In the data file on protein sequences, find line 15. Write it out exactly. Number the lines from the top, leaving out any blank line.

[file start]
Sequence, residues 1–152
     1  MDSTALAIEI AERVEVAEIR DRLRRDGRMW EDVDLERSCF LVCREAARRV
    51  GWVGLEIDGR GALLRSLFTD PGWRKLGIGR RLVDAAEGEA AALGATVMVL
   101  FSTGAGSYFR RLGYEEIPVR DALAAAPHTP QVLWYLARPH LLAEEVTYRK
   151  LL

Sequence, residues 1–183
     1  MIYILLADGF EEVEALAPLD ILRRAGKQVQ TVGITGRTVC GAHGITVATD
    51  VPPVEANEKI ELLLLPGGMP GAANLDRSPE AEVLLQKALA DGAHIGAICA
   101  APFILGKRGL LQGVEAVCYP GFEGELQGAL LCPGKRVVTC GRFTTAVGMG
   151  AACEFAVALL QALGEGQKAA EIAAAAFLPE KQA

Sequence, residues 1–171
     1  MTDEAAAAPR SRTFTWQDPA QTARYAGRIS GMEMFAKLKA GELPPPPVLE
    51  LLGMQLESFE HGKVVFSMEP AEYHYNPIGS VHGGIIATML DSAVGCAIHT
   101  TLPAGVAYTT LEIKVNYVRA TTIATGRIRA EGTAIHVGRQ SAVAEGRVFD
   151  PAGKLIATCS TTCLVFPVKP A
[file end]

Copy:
   151  PAGKLIATCS TTCLVFPVKP A